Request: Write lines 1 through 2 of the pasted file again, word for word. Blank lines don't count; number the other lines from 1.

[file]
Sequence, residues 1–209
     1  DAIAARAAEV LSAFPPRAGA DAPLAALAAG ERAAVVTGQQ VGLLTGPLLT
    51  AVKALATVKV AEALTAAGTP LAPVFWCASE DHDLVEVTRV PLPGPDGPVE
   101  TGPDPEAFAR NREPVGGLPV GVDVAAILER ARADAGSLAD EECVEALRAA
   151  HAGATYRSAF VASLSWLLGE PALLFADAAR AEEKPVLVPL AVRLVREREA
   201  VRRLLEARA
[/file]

Sequence, residues 1–209
     1  DAIAARAAEV LSAFPPRAGA DAPLAALAAG ERAAVVTGQQ VGLLTGPLLT